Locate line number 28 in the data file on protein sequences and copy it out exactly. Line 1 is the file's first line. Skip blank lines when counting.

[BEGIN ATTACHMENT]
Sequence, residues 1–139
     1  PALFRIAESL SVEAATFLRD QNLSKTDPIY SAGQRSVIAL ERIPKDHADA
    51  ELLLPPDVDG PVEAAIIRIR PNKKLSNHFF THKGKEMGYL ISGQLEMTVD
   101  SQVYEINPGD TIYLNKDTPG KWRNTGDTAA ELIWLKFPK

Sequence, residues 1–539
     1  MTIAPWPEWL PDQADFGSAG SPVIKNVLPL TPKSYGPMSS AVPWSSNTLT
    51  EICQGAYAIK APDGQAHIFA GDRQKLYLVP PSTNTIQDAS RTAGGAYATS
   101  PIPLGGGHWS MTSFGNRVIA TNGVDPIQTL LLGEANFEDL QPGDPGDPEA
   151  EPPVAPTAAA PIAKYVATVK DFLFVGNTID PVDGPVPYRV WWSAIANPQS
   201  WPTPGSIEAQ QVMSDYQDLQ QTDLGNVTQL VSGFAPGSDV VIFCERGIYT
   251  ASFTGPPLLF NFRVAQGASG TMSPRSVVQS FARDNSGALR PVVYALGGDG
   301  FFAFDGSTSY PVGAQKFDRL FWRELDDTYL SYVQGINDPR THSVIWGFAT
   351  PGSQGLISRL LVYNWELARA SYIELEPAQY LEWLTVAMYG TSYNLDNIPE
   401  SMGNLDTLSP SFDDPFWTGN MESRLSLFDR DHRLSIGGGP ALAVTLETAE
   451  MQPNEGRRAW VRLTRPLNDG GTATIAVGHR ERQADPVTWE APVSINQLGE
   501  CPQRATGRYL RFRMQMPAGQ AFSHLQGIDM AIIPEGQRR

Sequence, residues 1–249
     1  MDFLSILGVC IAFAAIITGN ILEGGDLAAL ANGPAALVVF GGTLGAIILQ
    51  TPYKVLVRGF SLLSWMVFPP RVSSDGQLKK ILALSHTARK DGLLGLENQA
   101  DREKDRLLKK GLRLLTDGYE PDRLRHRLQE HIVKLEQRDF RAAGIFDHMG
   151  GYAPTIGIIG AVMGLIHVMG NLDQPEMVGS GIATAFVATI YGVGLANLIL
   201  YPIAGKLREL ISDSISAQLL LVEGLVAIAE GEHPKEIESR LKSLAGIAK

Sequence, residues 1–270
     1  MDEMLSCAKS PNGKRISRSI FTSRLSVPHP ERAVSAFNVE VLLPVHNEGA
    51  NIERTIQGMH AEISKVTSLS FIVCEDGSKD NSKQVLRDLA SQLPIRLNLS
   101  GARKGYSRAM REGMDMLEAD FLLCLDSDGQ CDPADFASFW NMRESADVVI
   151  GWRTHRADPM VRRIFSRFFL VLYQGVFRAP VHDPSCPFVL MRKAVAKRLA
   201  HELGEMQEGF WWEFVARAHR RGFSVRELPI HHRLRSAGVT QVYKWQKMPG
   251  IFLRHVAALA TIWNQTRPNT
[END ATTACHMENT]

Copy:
   201  HELGEMQEGF WWEFVARAHR RGFSVRELPI HHRLRSAGVT QVYKWQKMPG